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Thread: Force Carbonation of Kegs

  1. #1
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    Force Carbonation of Kegs

    I have a few 50litre kegs to be carbonated by hand. I have read a lot about temperature and cooling the beer down to allow CO2 to be absorbed and this is certainly the advice given to hombrewers but in every instance I have seen they keep the keg in a fridge after carbonating.

    My questions are :

    1. Does it need to be done at a low temp ? Naturally carbonated kegs and bottles arent.

    2. If it is done at a low temp and the keg is allowed to reach room temp, does the CO2 release from the beer and go into headspace ? Wouldnt the same apply to bottles ?

    3. I have seen commercial kegs served at room temp through an ice box and they have normal head etc. Is there a difference in the process that these kegs go through ?

    4. Any suggestions greatly appreciated. I have found my attempts so far at normal temp have not carbonated sufficiently and I am concerned about carbonating at low temp then transporting and/or serving from a keg at room temp.

    Thanks in advance

  2. #2
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    Warm Kegs

    I too have seen #3

    A keg of Newcastle on tap at a small seafood restaurant in coastal SC, run through an ice box to chill the beer at the time of serving. Let me just say this was perhaps the worst beer I have ever tasted that wasnt obviously infected and dont recommend the process to anyone.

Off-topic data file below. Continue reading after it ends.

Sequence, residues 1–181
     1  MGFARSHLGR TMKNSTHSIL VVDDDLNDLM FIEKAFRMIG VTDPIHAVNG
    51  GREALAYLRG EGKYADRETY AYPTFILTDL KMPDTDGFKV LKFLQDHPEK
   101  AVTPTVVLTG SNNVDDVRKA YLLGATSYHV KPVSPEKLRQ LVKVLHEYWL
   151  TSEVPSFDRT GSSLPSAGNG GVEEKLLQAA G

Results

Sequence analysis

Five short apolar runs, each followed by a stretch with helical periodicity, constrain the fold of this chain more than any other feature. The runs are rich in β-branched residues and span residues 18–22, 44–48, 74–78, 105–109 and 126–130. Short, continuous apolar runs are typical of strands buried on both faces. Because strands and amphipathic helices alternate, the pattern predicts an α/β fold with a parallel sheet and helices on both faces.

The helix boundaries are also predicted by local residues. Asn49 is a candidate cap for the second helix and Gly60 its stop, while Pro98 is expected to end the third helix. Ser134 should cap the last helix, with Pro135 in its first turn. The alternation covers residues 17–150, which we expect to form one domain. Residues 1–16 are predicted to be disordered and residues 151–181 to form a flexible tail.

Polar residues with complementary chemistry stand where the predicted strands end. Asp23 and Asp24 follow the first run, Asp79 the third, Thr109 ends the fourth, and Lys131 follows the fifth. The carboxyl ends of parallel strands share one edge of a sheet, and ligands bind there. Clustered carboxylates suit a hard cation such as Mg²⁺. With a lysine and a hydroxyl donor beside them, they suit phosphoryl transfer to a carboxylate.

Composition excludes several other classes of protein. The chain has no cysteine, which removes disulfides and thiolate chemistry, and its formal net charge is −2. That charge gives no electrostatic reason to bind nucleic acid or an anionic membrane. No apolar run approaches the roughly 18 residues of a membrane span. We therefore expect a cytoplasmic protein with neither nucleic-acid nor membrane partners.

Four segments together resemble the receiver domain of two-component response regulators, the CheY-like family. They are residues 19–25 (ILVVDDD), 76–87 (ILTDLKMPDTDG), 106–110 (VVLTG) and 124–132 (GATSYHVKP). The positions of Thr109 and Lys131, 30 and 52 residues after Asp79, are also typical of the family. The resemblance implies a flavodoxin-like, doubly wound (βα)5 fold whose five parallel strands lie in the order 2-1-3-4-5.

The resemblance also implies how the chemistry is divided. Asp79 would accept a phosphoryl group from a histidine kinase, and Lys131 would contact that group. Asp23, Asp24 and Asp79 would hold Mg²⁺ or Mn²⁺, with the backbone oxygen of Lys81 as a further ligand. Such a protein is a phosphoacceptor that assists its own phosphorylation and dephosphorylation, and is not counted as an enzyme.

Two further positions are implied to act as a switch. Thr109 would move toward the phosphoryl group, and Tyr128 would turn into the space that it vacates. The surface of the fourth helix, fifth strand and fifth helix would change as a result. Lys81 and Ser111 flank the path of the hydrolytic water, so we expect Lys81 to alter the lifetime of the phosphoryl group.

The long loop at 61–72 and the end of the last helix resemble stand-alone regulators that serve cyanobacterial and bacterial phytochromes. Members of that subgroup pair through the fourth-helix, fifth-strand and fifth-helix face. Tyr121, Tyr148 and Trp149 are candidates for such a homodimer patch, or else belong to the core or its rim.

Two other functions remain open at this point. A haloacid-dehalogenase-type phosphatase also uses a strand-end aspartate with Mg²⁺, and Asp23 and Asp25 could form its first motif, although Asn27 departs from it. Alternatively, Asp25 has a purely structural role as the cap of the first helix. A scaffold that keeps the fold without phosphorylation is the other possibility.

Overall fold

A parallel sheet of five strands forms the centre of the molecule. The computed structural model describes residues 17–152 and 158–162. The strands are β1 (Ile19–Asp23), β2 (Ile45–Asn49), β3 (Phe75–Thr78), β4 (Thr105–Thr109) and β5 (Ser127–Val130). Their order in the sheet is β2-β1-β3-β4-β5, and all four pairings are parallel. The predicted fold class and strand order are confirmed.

Sorry I cant offer any scientific advice on your other points, but it seems that the low temp allows CO2 to be absorbed, and as long as the system is pressurized/sealed, then the gass should stay in solution. I would think if you carbonated at say 36F properly and let the keg warm up, the pressure of the head space would be higher, but the CO2 (most of it anyway) should still be in solution. So therefore, you could let a keg warm up, but would want to chill it before serving or else you might pour all foam all the time.

    Just speculating.
    Dave

  3. #3
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    I'm assuming you are not utilizing yeast in solution to create the carbonation. Having said that, I have had great success connecting a CO2 line to the keg via a Sanke keg fitting. However, I configure the keg fitting with the CO2 line injecting down the main keg spear (where the beer usually flows out from). I keep the keg cold. You should be able to find the carbonation chart in any good homebrew/brewing book. It's a relationship of CO2 pressure and beer temperature: the colder the beer (to a point) the quicker the CO2 will go into solution (I know these are not exact but something like 19psi at 34degrees F for 1-2 days = VCO2 ~ 2.8 volumes). Like any beer, if it warms up and the pressure is removed (i.e. pouring a pint!), the CO2 will come out of solution VERY rapidly. Keep the keg COLD and under PRESSURE! Hope this helps.

    Luck to ya'
    Dave

  4. #4
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    Both the above guys have the right clues.